The regulations apply to any person or organisation involved in the construction project, including clients, designers, contractors, and workers.

 

What are the client's duties?

Under the CDM regulations, the client has a number of key duties, including appointing competent designers and contractors, ensuring that a suitable and sufficient construction phase plan is in place, and ensuring that all parties have the necessary information and instruction to carry out their duties safely.

 

What are the designers and contractors duties?

Designers and contractors also have a range of duties under the regulations, including ensuring that the project is designed and constructed in a way that is safe and healthy, and providing information and instruction to workers and other duty holders.

 

What are the principal designer and principal contractors duties?

The CDM regulations also require the appointment of a principal designer and a principal contractor on all projects where there is more than one contractor involved. 

The principal designer is responsible for coordinating the health and safety aspects of the design work, while the principal contractor is responsible for coordinating the health and safety aspects of the construction work.

 

Do CDM regulations apply throughout the life of a project?

It is important to note that the CDM regulations apply throughout the life of the project, from the initial planning and design stages, through to the construction and completion of the project. 

This means that all parties involved in the project must take their duties and responsibilities seriously throughout the entire process.

 

In summary

The CDM regulations apply to all construction projects in the UK, regardless of size or type, and apply to all parties involved in the project, including clients, designers, contractors, and workers. 

The regulations aim to ensure that construction work is carried out safely, with the welfare of workers and members of the public being given top priority.

Kate Hewitt - Project Manager

 

How we can help…

If you'd like help understanding the CDM regulations and how they are applicable to your project we’d love to help.

To get in touch just give us a call on 01538 711777 or Email hello@hc-services.uk

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The Essential Components of a Pre Construction Information Pack

What is a Pre-Construction Information Pack?

The Pre Construction Information Pack (PCIP) is a document which contains essential information related to a construction project. 

It includes data that the Client already holds or is able to easily access and obtain in order to provide appropriate guidance for relevant CDM Duty Holders, including Designers, Contractors and Principal Contractors. 

While not explicitly referenced in the CDM 2015, the regulations do state that pre-construction information should be presented in an organised, clear and easy-to-understand format.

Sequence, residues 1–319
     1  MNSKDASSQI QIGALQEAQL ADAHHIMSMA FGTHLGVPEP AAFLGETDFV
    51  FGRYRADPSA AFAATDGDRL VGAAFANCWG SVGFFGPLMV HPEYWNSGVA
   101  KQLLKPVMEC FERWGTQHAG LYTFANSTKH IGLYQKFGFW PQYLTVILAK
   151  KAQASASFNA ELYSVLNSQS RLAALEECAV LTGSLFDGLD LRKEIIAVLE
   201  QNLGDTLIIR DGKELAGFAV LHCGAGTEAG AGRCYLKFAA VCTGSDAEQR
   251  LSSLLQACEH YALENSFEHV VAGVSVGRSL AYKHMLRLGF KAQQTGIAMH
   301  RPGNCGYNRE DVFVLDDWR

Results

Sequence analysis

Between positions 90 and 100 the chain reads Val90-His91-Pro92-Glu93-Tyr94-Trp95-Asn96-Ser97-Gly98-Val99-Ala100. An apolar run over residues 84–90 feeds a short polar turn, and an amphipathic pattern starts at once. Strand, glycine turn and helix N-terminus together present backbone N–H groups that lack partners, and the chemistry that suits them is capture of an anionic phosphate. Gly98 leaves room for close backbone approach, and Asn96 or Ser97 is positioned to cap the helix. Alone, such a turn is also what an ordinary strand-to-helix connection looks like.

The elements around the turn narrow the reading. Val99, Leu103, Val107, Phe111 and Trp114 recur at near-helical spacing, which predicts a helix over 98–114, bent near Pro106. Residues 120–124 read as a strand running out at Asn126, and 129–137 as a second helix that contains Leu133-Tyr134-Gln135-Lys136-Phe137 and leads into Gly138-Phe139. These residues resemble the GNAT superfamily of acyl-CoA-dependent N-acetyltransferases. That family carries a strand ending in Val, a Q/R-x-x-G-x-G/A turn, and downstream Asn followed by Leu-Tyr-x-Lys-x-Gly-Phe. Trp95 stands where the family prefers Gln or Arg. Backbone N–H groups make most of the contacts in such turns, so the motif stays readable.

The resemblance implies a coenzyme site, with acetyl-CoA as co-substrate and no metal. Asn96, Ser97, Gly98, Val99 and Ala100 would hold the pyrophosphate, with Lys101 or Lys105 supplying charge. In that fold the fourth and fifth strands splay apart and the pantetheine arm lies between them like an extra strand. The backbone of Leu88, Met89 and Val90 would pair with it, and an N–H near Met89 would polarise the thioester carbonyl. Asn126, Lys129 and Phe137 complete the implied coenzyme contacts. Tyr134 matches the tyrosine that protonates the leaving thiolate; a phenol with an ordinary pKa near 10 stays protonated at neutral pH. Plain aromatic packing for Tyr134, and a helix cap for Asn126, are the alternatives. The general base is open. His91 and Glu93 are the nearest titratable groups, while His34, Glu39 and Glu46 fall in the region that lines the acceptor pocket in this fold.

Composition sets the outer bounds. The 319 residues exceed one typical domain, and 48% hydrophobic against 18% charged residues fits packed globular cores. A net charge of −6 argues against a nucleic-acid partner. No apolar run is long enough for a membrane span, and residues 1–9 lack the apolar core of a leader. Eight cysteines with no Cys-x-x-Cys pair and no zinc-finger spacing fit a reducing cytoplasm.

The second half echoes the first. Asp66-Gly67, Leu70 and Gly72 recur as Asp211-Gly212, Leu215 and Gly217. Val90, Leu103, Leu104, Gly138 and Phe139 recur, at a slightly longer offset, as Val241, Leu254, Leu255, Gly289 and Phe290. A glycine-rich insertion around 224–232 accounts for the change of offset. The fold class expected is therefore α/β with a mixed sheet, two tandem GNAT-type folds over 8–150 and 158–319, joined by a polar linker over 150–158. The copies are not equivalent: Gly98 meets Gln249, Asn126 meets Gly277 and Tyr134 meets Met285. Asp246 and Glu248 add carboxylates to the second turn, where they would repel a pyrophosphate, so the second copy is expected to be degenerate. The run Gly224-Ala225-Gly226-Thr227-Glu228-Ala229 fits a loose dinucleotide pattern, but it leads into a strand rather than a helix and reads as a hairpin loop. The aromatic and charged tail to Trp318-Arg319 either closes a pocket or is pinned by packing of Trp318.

Pre Construction Information is a critical step in meeting the requirements laid out in the Regulations. 

Designers must take all pre-construction data into consideration when drawing up their designs, and then Contractors or Principle Contractors need to use that information to fulfill their responsibilities for the Construction Phase Plan.

 

Developing The Pre-Construction Information.

Under the CDM Regulations, it is the Client's responsibility to provide a Pre Construction Information Pack to each Designer and Contractor as soon as possible. 

It falls to the Principal Designer, once appointed, to collate this information and present it in an accessible form. 

The Pre Construction Information Pack is constantly evolving, being edited and updated based on any new information that develops during the pre-construction phase.

 

Pre Construction Information Contents.

Pre Construction Information (PCI) is an essential document that dictates a project's construction requirements. 

According to UK HSE Guidance L153, PCI must be relevant to the particular project and include an appropriate level of detail proportionate to the risk involved. 

At a minimum, PCI should contain:

 

1. Project Overview

An overview of the project, as well as any key dates and the contact details of the project team. This will provide a clear summary of the work being undertaken and ensure everyone involved is aware of essential timelines and points of contact.

 

2. Conditions & Requirements

The client's conditions and management requirements like management arrangements for the project, objectives and restrictions of the client, monitoring review setup for the workforce, site inductions, security measures, and welfare conditions.

 

3. Health & Safety Details

Details related to the health and safety of all those involved in the project. This includes requirements for site segregation, vehicles/pedestrians movements, fire and emergency procedures, as well as any specific rules set out by the client.

 

4. Environmental Restrictions